It said demand for experienced production staff is “far outstripping supply”.
The sector has been valued at £567 million and supports thousands of jobs.
Recent movies to have been shot in Scotland include the new Indiana Jones and Batman films, while TV productions include the Scottish-set dramas Crime, Guilt, Shetland, The Control Room and Vigil.
Screen Scotland is now commissioning research to map the current further and higher education provision for film and TV in Scotland.
It said that “in order to understand the need, and the size and scale of anything resembling a 'film school’, there is a need for rigorous, qualitative and quantitative research into what Scotland already has in place”.
A contract document reads: “Denmark has one; London has several. But Scotland has no dedicated institution called a ‘film school’.
"It does, however, have a healthy range of training and higher and further education institutions providing film and media related courses, many of which are highly regarded.
"Added to this are a range of non-formal education and training opportunities, largely delivered by the members of the Screen Training Alliance, and apprenticeships in a narrow range of areas largely provided by the BBC.
“Is the lack of a dedicated film school in Scotland a problem that requires a remedy?”
Screen Scotland said there are a number of challenges and opportunities facing the country, including “unprecedented demand, far outstripping supply, for locally-based, experienced craft and technical production personnel to work on large scale, high-end TV and film projects”.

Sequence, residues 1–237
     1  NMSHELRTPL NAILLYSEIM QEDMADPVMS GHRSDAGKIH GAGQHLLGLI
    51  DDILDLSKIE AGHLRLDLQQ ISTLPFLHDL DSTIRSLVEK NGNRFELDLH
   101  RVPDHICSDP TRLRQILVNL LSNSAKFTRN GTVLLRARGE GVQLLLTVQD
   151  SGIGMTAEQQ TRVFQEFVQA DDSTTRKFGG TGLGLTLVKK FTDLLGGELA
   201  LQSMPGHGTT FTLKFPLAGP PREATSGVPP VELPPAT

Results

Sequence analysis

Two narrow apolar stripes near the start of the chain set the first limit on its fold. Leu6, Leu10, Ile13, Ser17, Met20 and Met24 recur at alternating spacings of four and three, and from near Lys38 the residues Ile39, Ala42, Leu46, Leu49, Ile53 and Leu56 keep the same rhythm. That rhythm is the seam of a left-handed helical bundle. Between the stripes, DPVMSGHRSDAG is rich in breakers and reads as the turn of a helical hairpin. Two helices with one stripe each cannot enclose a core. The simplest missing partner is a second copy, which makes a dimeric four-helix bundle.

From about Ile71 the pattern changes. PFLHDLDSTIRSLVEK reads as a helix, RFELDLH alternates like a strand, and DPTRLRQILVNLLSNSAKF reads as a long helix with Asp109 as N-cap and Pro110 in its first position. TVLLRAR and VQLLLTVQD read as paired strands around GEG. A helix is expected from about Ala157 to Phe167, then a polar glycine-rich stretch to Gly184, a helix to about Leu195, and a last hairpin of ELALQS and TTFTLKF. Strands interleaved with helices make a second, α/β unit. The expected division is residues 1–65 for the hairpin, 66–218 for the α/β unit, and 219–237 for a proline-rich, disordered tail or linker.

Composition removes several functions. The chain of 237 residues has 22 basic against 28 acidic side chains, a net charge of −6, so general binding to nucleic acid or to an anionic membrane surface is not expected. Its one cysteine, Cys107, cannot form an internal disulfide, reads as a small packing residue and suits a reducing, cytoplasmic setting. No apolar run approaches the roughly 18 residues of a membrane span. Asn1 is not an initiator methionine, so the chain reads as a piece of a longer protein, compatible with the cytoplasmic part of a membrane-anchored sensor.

It said there is a “need to develop creative, entrepreneurial producers capable of developing and raising finance for high-end TV and film projects”, warning: “Without such a cohort of producers, Scotland will fall behind globally in a world now dominated by streaming platforms and will have little to no ability to sustain and grow production companies of scale.
"Nor will global audiences be able to enjoy films, documentaries and TV series of scale that have been originated in Scotland, representing a missed opportunity to sustain its international cultural reach.”
The research contract has a value of between £8,000 and £10,000, with a final report set to be delivered by December.
Mr Robertson said: “The Scottish screen sector is of massive cultural value and has significant economic impact, as demonstrated by Screen Scotland’s June 2022 report, Economic Value of the Screen Sector in Scotland.
“The Scottish Government is focused on building the skills, talent, a support system and infrastructure to capitalise on unprecedented interest in production in Scotland and further develop a sustainable creative economy.”
A Screen Scotland spokeswoman said: “In line with our role as the development agency for Scotland’s screen sector, this invitation to tender is part of our long-term planning, exploring potential development options for the future.
"We look forward to working with the successful bidder, and to seeing the outcomes and recommendations.”